The stock market has been in a selling mood for the last two weeks and the bears are predicting more of a selloff. The VIX indicator of market volatility is roaming in the low 20s which is higher than the teens where the CBOE volatility indicator resides during periods of no market turmoil. As market falls it would appear that many investors have decided to take a little profit while others are buying in expectation of a rebound. The question is if this is the start of a long term slide, a more substantial market correction, or just a bump in the road to high stock prices. Simply looking at the elevated VIX the question is this. When investments are volatile should you sell or buy?
VIX as a Measure of Volatility
What is the VIX and is it important to your investing? Investopedia explains VIX.
Created by the Chicago Board Options Exchange (CBOE), the Volatility Index, or VIX, is a real-time market index that represents the market’s expectation of 30-day forward-looking volatility. Derived from the price inputs of the S&P 500 index options, it provides a measure of market risk and investors’ sentiments. It is also known by other names like “Fear Gauge” or “Fear Index.” Investors, research analysts and portfolio managers look to VIX values as a way to measure market risk, fear and stress before they take investment decisions.
When the market is going up or staying the same, the VIX is low. When the market is falling the VIX goes up. As an example, at the end of 2008 the VIX went from a normal of 18 up to 81 over a couple of months as the market crashed. The calculation for the VIX is complicated but what it is looking at is puts versus calls as a guide to investor concern.
The VIX is not the only indicator of market volatility offered by the Chicago Board Options Exchange. Others are these.
Cboe ShortTerm Volatility Index (VXSTSM): S&P 500 expected volatility next 9 days
Cboe S&P 500 3-Month Volatility Index (VXVSM)
Cboe S&P 500 6-Month Volatility Index (VXMTSM)
The usefulness of VIX and its relations comes from its “canary in the coal mine” property of predicting a falling market based on the actions of option traders. But, let’s get back to our question. When investments are volatile should you sell or buy? And, is the VIX useful in this regard?
The Importance of Recognizing Market Volatility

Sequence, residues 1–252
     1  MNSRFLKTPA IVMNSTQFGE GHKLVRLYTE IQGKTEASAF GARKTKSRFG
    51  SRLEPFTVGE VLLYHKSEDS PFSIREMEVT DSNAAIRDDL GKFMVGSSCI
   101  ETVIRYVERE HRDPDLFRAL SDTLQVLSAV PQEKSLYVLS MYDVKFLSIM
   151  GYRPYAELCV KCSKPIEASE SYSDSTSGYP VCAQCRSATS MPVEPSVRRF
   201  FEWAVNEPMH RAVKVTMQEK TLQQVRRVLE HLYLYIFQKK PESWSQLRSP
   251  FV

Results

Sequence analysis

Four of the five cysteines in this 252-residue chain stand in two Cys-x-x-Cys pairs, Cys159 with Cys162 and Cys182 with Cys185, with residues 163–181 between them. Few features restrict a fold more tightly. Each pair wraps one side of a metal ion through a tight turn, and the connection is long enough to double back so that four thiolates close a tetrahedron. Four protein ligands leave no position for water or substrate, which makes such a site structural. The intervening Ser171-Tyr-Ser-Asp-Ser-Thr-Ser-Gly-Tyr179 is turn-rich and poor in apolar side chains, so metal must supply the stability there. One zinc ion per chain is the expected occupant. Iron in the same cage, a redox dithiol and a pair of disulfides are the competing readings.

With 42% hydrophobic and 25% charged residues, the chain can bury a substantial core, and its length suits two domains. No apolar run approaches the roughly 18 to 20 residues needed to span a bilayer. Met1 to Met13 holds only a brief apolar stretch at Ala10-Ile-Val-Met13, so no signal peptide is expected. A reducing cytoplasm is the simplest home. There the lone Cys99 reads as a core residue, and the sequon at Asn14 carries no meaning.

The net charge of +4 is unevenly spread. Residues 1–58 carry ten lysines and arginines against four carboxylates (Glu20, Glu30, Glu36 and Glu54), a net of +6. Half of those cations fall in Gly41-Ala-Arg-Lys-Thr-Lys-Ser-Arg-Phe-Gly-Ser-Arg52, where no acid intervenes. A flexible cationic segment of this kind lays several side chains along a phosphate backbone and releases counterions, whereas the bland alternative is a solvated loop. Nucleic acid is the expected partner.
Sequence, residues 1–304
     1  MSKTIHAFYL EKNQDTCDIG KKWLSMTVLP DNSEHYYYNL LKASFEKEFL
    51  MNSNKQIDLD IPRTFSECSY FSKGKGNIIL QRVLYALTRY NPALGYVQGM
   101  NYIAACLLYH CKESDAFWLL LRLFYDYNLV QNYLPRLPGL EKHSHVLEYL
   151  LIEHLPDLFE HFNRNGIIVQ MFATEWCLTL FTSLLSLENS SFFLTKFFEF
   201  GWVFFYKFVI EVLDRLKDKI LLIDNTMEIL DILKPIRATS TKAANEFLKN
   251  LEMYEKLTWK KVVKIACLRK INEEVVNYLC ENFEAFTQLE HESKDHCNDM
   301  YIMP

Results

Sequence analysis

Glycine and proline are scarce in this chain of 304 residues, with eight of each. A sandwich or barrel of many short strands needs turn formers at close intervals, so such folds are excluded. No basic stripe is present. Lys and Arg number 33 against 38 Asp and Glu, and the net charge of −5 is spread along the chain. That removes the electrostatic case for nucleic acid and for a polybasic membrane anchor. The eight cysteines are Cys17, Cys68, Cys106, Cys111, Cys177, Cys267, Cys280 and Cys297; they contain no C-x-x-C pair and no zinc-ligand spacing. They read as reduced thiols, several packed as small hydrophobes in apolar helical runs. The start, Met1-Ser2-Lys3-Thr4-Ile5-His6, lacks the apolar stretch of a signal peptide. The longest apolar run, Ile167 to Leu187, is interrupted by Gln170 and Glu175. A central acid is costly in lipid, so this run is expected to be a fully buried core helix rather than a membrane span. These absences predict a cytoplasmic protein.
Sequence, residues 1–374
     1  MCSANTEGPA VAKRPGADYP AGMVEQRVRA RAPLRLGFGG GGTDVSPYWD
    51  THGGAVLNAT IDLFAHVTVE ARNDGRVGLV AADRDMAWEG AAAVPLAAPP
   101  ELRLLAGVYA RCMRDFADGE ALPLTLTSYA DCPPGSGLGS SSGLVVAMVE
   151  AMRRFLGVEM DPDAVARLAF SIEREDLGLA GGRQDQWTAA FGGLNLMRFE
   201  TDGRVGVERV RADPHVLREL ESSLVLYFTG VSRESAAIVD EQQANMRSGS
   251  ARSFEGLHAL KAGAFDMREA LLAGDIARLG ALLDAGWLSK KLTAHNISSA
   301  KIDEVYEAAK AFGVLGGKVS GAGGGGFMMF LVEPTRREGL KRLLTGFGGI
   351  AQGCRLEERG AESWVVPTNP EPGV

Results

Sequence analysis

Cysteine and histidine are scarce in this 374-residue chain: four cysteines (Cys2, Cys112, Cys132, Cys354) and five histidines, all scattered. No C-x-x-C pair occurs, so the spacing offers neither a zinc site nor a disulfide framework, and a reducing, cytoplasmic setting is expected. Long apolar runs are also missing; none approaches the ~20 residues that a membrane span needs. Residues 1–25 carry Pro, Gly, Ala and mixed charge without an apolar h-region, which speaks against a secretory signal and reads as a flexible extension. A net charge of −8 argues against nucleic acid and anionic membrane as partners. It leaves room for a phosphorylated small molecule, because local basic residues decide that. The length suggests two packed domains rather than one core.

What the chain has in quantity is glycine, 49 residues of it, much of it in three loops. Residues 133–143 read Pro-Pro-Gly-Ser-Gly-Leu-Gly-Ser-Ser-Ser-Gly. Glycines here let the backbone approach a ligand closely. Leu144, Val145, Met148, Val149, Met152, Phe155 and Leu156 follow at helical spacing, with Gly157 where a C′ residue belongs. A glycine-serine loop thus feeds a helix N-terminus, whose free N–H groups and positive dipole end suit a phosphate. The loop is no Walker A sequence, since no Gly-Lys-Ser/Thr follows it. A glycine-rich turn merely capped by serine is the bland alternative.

The Motley Food writes about why you should care about the VIX.
Some have dubbed the VIX the “Fear Index” because of its tendency to rise when the market drops and to decline when the market rises. Even though traders tend to interpret high VIX levels as danger points, long-term investors can use a high VIX reading as a signal to look more closely at stocks. Once the VIX has risen, some stocks might have had their share prices beaten down already, and others might have higher chances of falling to attractive levels than usual. Using the VIX as an early warning system to start looking for bargain opportunities has been a smart strategy over time, especially in recent years when long periods of low volatility were the norm rather than the exception.
We often suggest the use of intrinsic stock value as an investment guide. When a stock has been beaten down by a fearful market its intrinsic value is often the same as it was before the market panicked. Successful long term investors very often buy into a decline in stock prices in order to pick up bargains for the long term. They are not necessarily expecting the entire market to recover all that soon but the specific investments they buy are those with long term value based on fundamental analysis.
So, a high VIX indicating volatility is not a direct indication to buy but it is an indication that you should look more closely at high intrinsic value stocks that have taken a beating. A reassessment of intrinsic value may be in order. And a laddered approach of buying in increments is a good idea because nobody can precisely time the market. That having been said, when the market has fallen and then VIX falls as well, this is an indicator or stable or rising stock prices.
Why Is the Stock Price Doing What It Is Doing?
We are looking at a technical indicator, the VIX, and suggesting that you use it to carry out fundamental analysis. Why do you need to use both tools? Although markets tend to panic, they often do so for good reasons. The fundamentals, like a trade war, can cause real damage to otherwise healthy companies. We wrote about how the trade war damages investments in agriculture. When an elevated VIX tips you off to look for high intrinsic value stocks, make sure that the fundamentals that are helping drive down the overall market are not ones that will do lasting damage to your chosen investment. In the case of the trade war with China US soybean growers are concerned about the long term loss of a major buyer. Thus, when the VIX goes up and you go hunting for bargains, make sure that your assessments and calculations of intrinsic value are based on current information.
Can You Trade the VIX
Investopedia mentions in their VIX article that VIX-linked securities can be used to hedge risk and balance a portfolio.
Active traders, large institutional investors and hedge fund managers use the VIX-linked securities for portfolio diversification, as historical data demonstrates a strong negative correlation of volatility to the stock market returns ,that is, when stock returns go down, volatility rises and vice versa.
This may be a more sophisticated approach than many mom and pop investors choose to follow but it does indicate the use of this tool beyond its “canary in the coal mine” value. But, if an investor wishes to try this approach it can be a stabilizing factor in their portfolio.